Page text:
'Criminal filth' draws the wrath of Yeltsin

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A COMBATIVE President Boris Yeltsin, complaining that crime had become 'the scourge of Russia', yesterday said he would hold his ministers personally responsible for cleansing the country of 'criminal filth'.

'I order the Interior Ministry and federal counter-intelligence service to cleanse the country of criminal filth,' he told a Kremlin news conference. 'The heads of the security authorities will bear personal responsibility,' he said, making clear the jobs of the Interior Minister, Viktor Yerin, and the intelligence chief, Sergei Stepashin, would be on the line if they failed to produce results soon.

Mr Yeltsin's opponents, as well as ordinary Russians, are likely to be sceptical about prospects for a safer society, as they have seen gangsters flourish despite similar statements in the past.

This week alone, Moscow has been rocked by three bombs planted by criminals. However, a bill is about to be tabled which would enable police to go after mafia bosses, not just underlings who carry out their orders.

Mr Yeltsin also criticised his government for failing to protect the poor and being too slow in implementing reforms to make the market which is beginning to grow in Russia a civilised one. 'They (ministers) keep postponing decisions, postponing decisions. But when they are pressured and when they start working, then they start moving properly.'

Mr Yeltsin prodded them recently by decreeing much- needed rules to ease the tax burden on entrepreneurs, while at the same time cracking down on those who evade tax. And yesterday he gave the cabinet another kick by announcing a new batch of presidential decrees.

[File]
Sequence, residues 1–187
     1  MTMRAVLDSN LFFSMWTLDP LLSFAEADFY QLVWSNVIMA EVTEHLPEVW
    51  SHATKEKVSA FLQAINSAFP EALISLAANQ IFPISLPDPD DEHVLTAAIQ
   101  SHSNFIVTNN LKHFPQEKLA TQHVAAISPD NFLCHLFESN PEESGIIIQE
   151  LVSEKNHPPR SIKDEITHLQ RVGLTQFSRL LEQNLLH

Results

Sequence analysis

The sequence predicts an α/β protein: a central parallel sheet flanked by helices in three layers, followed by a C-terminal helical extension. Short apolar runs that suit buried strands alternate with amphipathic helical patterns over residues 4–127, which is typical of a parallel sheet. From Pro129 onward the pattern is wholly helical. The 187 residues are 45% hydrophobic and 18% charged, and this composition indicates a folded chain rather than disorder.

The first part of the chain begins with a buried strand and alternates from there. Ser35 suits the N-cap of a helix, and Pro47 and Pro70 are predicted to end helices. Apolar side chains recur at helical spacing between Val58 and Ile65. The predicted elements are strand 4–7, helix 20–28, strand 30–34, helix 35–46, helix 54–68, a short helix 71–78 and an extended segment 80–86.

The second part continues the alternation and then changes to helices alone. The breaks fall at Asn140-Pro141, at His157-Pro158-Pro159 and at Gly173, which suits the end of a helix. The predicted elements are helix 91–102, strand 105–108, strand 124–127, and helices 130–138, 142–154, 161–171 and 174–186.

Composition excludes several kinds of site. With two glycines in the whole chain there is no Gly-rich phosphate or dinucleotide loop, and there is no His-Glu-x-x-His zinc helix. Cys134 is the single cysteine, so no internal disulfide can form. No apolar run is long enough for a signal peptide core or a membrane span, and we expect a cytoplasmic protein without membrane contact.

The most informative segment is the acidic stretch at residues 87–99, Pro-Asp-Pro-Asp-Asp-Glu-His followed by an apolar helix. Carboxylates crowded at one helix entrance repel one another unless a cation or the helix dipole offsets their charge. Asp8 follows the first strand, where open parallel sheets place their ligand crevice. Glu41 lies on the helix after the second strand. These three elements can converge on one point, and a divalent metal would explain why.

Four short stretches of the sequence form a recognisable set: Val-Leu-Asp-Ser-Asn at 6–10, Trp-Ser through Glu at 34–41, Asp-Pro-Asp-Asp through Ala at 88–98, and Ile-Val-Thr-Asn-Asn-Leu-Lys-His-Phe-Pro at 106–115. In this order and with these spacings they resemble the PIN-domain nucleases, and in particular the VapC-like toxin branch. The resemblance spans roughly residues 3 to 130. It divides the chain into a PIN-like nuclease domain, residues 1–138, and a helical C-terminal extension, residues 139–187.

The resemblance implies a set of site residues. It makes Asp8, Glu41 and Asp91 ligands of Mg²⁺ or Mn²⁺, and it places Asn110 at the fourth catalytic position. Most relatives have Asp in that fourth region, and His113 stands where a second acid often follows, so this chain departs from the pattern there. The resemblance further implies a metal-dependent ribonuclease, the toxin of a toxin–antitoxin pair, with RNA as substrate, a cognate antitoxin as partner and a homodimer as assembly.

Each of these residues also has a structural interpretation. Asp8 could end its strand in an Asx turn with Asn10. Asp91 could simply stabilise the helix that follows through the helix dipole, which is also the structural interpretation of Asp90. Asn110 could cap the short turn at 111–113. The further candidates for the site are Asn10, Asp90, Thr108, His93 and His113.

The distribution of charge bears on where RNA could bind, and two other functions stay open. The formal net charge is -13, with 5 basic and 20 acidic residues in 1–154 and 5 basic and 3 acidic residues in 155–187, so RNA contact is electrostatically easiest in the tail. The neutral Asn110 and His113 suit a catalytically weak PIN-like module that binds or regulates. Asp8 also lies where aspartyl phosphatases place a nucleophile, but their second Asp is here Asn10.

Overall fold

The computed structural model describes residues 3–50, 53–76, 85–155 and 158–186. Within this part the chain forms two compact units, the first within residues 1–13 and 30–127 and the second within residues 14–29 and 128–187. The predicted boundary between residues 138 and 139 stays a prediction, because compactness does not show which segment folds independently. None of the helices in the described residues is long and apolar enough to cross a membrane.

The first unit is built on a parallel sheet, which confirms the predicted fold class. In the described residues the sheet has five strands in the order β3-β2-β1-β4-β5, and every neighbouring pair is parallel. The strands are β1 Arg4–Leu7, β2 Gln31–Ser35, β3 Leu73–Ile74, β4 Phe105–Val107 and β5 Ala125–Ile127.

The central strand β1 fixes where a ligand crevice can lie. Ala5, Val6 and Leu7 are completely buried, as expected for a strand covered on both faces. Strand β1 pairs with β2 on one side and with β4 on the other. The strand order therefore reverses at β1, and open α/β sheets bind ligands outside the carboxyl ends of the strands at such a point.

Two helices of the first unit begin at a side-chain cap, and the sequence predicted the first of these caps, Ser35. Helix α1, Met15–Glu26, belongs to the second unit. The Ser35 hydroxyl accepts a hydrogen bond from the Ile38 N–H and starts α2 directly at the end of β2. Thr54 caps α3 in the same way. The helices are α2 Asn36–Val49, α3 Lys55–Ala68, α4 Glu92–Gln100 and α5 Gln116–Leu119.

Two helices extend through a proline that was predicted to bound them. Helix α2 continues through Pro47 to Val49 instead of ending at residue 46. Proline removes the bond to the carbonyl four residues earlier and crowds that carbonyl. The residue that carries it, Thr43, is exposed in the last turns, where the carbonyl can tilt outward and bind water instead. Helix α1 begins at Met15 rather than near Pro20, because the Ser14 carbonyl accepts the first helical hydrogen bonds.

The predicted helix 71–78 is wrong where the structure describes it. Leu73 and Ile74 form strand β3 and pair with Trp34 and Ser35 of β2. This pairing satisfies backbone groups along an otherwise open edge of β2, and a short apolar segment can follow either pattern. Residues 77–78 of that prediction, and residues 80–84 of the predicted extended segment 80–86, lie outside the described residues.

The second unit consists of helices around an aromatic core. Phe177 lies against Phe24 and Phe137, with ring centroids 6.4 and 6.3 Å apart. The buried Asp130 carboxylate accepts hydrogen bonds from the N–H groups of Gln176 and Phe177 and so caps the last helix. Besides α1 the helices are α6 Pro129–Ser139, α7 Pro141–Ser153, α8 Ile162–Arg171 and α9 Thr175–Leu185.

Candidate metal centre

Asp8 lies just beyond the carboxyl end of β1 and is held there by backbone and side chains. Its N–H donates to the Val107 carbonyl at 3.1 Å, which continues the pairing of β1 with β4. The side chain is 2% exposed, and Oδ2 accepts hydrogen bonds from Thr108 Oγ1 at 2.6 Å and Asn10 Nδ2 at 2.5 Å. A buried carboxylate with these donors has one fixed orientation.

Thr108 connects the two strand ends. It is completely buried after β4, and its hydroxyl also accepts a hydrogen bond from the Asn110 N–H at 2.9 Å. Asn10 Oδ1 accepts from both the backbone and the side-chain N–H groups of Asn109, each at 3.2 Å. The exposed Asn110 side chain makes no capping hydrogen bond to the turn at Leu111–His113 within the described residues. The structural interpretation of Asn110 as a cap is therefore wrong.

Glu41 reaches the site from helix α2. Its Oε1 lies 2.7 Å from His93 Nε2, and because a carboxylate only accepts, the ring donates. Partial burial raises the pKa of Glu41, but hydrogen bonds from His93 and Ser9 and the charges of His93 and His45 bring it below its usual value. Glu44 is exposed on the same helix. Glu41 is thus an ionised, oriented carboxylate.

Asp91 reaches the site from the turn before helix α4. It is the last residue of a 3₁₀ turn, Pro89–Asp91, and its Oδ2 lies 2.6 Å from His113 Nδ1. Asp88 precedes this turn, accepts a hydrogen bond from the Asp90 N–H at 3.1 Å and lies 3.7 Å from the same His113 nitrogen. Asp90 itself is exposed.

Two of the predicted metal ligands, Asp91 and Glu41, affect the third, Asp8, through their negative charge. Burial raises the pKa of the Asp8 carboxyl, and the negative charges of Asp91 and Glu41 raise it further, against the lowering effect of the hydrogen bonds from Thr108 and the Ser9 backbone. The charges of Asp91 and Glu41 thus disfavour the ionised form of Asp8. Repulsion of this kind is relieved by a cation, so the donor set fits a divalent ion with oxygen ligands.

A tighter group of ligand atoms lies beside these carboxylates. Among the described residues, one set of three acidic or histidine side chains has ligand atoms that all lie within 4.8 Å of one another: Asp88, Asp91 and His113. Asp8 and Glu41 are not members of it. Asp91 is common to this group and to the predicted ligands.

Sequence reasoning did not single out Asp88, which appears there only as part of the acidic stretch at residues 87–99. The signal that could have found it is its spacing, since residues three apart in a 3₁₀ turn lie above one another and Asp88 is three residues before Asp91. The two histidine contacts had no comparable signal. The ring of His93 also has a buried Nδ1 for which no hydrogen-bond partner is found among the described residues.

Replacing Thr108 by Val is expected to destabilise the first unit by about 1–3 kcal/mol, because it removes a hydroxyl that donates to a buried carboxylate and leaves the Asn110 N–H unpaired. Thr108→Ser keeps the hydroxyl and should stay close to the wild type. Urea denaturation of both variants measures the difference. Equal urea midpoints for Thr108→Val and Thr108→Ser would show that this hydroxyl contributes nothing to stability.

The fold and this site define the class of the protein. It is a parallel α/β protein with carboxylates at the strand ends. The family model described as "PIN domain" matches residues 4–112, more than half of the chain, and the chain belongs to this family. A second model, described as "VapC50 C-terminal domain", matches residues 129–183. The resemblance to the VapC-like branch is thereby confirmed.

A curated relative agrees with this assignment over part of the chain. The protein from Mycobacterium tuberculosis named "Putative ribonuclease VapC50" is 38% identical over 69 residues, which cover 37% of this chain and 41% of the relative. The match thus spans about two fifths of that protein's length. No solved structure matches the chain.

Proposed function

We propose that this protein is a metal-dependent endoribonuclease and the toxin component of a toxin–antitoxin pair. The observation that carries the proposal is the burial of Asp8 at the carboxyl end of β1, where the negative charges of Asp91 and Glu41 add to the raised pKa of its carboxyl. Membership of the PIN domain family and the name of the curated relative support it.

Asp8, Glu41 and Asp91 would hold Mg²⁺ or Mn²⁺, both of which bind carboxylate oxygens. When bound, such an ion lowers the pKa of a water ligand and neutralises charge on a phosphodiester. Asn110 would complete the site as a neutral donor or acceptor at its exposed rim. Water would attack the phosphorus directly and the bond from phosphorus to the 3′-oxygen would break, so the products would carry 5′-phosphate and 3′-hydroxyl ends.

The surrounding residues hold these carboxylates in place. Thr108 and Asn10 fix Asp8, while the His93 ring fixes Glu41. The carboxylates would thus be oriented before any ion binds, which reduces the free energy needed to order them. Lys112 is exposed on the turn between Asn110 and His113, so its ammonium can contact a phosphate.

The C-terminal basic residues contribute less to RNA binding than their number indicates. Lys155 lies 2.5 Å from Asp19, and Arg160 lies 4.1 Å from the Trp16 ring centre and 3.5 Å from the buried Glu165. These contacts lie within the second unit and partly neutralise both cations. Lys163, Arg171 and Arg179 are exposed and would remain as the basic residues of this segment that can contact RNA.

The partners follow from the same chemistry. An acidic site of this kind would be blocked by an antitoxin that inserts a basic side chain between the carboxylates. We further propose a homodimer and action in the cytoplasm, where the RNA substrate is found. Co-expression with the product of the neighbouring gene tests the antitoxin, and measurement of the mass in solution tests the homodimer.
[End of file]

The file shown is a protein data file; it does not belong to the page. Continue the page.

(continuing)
One, on banking, will annoy Russian protectionists but give the consumer a better choice by lifting constraints on foreign banks here. The measure is required if Russia is to co-operate with the European Union. Another decree will enable average Russians, overwhelmed by soaring prices for property, to obtain mortgages. 'In future every young man, provided he finds a job, may get a house-building credit and pay it back over 30 years, as happens in the entire civilised world,' he said. A third decree will attempt to regulate the anarchic securities market, on which many inexperienced investors have fallen victim to fraudsters.

Mr Yeltsin also had tough words for the military, telling them they would have to accept the 1994 budget, as there was no more money in the coffers for them. The Defence Minister, Pavel Grachev, has complained that his men have been put on starvation rations but the President said it was up to the army to make 'energetic cutbacks'.

However, Mr Yeltsin said he was pleased that inflation was falling and that political peace was returning to Russia. He expressed confidence in his Prime Minister, Viktor Chernomyrdin, and said he had no intention of replacing him. This quashed rumours of Mr Chernomyrdin's imminent dismissal which surfaced this week after he went to Germany for treatment for kidney stones.